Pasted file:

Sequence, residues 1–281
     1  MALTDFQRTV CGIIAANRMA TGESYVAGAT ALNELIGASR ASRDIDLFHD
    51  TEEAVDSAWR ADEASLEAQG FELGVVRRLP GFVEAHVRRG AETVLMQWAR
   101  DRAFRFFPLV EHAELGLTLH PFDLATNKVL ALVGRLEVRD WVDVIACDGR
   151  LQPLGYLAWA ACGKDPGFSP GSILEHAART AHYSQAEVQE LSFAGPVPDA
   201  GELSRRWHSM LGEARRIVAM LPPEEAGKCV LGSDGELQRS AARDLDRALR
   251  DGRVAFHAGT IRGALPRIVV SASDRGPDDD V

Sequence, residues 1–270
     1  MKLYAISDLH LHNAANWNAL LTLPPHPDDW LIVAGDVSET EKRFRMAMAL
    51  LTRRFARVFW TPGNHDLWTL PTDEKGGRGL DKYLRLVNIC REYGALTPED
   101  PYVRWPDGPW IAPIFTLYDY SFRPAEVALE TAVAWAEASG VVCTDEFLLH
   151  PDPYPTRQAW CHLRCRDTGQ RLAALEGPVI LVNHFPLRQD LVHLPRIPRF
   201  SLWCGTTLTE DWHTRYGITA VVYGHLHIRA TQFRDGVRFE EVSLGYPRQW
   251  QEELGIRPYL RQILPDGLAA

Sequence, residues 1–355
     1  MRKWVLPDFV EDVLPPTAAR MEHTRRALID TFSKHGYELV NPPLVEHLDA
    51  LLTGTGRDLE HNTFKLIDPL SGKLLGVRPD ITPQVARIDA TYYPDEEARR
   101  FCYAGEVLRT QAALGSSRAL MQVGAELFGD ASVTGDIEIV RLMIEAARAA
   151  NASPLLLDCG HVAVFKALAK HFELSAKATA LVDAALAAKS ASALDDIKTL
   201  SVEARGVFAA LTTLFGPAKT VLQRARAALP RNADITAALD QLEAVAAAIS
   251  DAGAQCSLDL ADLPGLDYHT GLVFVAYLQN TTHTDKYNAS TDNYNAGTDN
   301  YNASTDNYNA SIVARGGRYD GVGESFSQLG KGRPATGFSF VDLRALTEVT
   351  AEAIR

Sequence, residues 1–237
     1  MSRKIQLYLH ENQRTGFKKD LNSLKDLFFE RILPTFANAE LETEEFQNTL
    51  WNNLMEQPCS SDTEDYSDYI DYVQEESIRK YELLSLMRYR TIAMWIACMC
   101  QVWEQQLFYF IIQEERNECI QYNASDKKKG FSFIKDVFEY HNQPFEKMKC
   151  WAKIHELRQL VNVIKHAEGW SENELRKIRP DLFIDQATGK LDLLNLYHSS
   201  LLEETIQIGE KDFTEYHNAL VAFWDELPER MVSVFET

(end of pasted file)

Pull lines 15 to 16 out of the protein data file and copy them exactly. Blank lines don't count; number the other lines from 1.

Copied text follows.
Sequence, residues 1–355
     1  MRKWVLPDFV EDVLPPTAAR MEHTRRALID TFSKHGYELV NPPLVEHLDA